“The pandemic was still at a high,” Myleah recalls. And I thought ‘I don’t know if this was the right time to launch this business when people aren’t really going to cons.’ But what I honed in on was the fact that people were cosplaying at home. And so if they’re doing cosplay at home, then they still deserve a place where they can buy and sell cosplays and still be able to do that. And so I think that as cons have started to ramp up again, and more people are going back to conventions, we have seen more growth on the site, because people are like ‘I’m going to a con but I don’t know if I’m ready to start sewing again. But there’s this cool website that I can use to buy secondhand cosplay.’ And so at first I was nervous about the fit, because of the timing, but it turned out to be just right.’
Now that cosplayers are returning to conventions in droves, they can take advantage of one of the most unique tools Lumikha Cosplay provides.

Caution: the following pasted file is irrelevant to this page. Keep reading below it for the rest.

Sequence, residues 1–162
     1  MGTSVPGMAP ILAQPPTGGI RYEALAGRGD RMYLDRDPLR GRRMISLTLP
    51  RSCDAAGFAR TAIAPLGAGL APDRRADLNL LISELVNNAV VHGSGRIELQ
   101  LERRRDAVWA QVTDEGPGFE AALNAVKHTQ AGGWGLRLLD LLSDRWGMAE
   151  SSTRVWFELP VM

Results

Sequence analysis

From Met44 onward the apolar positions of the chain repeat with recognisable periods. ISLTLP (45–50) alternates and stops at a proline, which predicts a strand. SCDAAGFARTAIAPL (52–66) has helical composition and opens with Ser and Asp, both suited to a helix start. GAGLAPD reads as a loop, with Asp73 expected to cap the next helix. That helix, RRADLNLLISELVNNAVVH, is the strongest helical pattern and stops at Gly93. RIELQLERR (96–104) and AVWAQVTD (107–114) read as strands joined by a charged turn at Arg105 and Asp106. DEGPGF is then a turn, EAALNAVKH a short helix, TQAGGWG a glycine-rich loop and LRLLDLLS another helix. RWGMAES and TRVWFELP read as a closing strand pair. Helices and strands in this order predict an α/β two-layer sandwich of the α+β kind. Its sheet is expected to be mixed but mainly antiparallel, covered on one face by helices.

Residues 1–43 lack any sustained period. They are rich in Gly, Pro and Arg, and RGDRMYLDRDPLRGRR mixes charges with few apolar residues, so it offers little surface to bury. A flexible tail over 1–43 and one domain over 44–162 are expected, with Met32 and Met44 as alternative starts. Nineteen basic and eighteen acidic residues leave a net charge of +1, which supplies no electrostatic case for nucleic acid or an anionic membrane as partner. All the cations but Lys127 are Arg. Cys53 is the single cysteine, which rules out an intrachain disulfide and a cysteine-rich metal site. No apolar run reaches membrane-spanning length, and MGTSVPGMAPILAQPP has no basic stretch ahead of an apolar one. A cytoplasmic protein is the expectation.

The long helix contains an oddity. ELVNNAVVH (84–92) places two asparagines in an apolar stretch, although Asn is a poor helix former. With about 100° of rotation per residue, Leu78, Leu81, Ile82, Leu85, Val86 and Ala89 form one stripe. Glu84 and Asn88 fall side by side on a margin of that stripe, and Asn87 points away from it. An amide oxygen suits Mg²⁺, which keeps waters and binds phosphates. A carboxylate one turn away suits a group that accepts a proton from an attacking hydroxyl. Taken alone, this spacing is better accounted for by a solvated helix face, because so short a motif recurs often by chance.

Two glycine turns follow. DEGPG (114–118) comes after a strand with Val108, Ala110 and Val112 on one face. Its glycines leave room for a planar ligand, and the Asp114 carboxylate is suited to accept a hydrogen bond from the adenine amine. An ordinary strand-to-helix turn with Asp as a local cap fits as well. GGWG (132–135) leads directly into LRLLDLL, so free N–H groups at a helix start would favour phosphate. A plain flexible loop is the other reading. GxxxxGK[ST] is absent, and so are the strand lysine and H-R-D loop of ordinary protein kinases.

Myleah remarked “We provide the platform where they can sell to people. And then everyone handles the shipping and handling on their own, but shipping with props can be really difficult, so there’s also a pickup option on Lumikha Cosplay. So if you’re going to a convention, you can say, ‘We can do pickup at Katsucon or something like that.’ So there’s both the mail it to you [option], or pickup as well.
Myleah said she’s regularly asked by users of the site for new features, and she’s looked into ways to continue to improve the site for the many cosplayers using Lumikha Cosplay.
“We’re planning on doing some updates pretty soon in the coming months. A lot of people have been asking us for the ability to make a wish list and make a list of things that they’re maybe eyeing or thinking about and so that’ll be coming in our next big update.
Of course, when creating a site such as Lumikha, there can be additional challenges too, and I was curious to ask Lumikha what impediments she’d found in the process of creating the website.